Banks are increasingly moving their operations to the cloud, with the aim to overcome legacy IT issues and achieve cross channel consistency. Billy Bambrough takes a closer look at cloud computing and how it is helping banks to increase efficiency

Could computing is no longer the sole domain of start-ups and small far-flung banks. According to a report issued by PricewaterhouseCoopers (PwC) last month, 71% of financial services executives in the US says that they will invest more in cloud computing this year, up from 18% in 2012.

In addition to this a 50% also intend to invest in private cloud technology (virtualized computers, storage and network equipment that can be easily shared by applications, users and groups).

Up until recently banks using the cloud have done so more to cut costs than anything else but the report from PwC argues that private clouds are now being deployed more for agility and faster time to market than for additional cost savings, the report finds: "In the longer term, institutions will also benefit from the increased efficiency and lower support costs associated with having a standardized IT infrastructure."

Unsurprisingly there are a still a myriad of security issues that surround the cloud.

Martin Scovell, MatsSoft CEO, tells RBI: "The cloud concept is off-putting for many in financial services, simply because data security is of such paramount important.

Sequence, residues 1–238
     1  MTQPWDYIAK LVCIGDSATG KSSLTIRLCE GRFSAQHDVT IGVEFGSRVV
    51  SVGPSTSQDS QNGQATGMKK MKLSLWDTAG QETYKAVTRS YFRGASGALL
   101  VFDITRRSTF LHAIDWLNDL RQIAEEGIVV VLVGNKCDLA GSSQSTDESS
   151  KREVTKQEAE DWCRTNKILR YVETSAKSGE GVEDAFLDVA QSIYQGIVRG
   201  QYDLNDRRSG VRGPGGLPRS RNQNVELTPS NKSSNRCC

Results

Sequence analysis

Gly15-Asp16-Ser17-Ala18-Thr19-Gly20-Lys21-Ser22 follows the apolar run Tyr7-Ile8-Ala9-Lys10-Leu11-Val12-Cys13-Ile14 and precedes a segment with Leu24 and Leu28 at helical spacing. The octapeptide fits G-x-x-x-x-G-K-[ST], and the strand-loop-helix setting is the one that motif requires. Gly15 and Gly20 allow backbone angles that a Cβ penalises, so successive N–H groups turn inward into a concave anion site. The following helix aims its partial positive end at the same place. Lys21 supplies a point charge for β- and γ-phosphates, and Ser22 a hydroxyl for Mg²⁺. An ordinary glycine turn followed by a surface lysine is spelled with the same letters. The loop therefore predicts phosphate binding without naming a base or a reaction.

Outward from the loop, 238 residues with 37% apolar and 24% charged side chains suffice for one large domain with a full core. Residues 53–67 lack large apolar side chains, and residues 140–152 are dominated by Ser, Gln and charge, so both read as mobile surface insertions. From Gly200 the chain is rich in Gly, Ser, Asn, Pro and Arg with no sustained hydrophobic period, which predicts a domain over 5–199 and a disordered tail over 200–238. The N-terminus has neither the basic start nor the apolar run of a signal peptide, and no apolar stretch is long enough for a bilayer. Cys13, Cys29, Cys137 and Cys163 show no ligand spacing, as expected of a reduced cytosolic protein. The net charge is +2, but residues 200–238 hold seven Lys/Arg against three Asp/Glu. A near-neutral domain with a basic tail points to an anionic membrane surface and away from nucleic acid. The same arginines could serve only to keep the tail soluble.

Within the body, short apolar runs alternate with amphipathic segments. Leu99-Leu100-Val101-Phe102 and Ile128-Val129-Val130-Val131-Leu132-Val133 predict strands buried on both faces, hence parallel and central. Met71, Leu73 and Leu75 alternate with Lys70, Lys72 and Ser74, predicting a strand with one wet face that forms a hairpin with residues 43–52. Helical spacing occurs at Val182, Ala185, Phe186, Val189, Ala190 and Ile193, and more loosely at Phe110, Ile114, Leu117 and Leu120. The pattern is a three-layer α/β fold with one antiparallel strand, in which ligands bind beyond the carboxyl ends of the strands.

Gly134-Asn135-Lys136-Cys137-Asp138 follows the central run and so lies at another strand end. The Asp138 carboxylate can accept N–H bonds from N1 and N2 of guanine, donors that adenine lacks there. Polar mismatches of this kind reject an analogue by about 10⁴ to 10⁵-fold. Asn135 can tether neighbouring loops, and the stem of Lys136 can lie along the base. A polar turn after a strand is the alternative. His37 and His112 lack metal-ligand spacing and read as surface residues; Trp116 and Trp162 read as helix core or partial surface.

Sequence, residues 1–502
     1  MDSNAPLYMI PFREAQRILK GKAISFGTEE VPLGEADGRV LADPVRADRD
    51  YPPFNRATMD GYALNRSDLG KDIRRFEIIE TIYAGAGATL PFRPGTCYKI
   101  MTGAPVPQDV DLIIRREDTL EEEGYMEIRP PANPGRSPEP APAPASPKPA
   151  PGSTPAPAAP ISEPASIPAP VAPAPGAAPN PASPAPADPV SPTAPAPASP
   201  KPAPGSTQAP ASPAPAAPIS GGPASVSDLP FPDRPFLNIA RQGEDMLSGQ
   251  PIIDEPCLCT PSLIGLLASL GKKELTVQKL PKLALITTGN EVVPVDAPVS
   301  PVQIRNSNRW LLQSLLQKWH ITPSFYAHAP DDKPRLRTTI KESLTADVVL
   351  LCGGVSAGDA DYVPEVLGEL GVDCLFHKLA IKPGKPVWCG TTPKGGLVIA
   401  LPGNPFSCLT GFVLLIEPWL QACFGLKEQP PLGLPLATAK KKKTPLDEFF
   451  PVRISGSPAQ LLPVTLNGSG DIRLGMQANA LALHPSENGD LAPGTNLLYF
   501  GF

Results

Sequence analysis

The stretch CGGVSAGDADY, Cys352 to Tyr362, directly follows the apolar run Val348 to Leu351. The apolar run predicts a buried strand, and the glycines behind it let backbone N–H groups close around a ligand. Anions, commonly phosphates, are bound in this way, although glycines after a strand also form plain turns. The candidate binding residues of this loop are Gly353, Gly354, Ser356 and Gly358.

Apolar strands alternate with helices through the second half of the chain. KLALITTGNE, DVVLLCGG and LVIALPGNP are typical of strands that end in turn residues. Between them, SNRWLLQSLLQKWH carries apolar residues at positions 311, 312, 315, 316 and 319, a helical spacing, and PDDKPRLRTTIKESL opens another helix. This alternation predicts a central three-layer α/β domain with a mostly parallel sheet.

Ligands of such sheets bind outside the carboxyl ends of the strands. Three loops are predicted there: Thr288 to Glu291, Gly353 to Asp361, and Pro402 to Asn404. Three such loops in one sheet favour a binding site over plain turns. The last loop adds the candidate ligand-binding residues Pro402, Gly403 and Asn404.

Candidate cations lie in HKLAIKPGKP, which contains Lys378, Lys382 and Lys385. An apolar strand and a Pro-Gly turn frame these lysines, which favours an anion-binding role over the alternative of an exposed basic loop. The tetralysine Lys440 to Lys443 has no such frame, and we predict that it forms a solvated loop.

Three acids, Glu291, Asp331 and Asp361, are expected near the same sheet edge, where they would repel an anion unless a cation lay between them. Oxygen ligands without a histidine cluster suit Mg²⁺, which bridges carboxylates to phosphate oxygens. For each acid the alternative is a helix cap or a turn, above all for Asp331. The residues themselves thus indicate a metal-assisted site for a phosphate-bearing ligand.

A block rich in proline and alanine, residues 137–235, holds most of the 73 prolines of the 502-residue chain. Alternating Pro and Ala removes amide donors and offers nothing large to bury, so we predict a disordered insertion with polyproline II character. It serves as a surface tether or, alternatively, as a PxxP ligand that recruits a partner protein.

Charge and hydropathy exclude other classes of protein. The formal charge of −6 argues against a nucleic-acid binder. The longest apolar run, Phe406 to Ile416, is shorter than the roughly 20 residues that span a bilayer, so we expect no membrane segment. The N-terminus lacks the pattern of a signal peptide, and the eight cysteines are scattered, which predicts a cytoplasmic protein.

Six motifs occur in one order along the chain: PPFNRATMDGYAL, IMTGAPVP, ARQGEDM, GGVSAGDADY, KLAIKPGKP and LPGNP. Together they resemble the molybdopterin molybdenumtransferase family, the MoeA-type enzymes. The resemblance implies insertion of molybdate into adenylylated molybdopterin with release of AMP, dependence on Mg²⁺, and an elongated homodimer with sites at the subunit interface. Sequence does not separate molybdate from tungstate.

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"We can make relevant data visible and accessible to the people who need it most, but it has to be shielded from anyone outside that defined stakeholder group.

"In highly competitive markets, customer experience is becoming increasingly important. Moving beyond the single impetus of efficiency, companies are looking to add value.

What we’re doing is empowering them with the tools to innovate, to add value and deliver an enhanced experience to the end customer."

But now banks are finally coming to terms with the idea of cloud computing after previously being very wary about trusting their data to outsiders.

Julien Courbe, PwC’s financial services technology leader, believes that this shift in opinion is due to vendors of public cloud services making their offerings to banks more secure and reliable.

"This makes stakeholders more comfortable," Courbe says. "A lot of clients are starting to consider and invest in the offerings of many large technology companies to move apps and data to the public cloud. It’s a significant shift.

"Most investments banks have made to date have been in the private cloud, now we’re seeing banks invest in public cloud solutions."

To improve security, cloud providers are encrypting data in storage as well as in transit.


"They’ve also made significant investments in identity and access management," Courbe says.

The industry’s leading cloud providers Amazon, Google, Microsoft and Rackspace have all reported strong growth in cloud use so far this year.

"This is a movement that will continue to accelerate," Courbe says. In about 15 years, there will only be about five or six data centres in the world, he predicts.

In the next phase of cloud adoption for banks, they’re starting to use human resources, accounting and operations apps in public clouds. In one recent example, Standard Bank in South Africa says it was planning to move human resources applications to the cloud, as a test before putting core banking services there.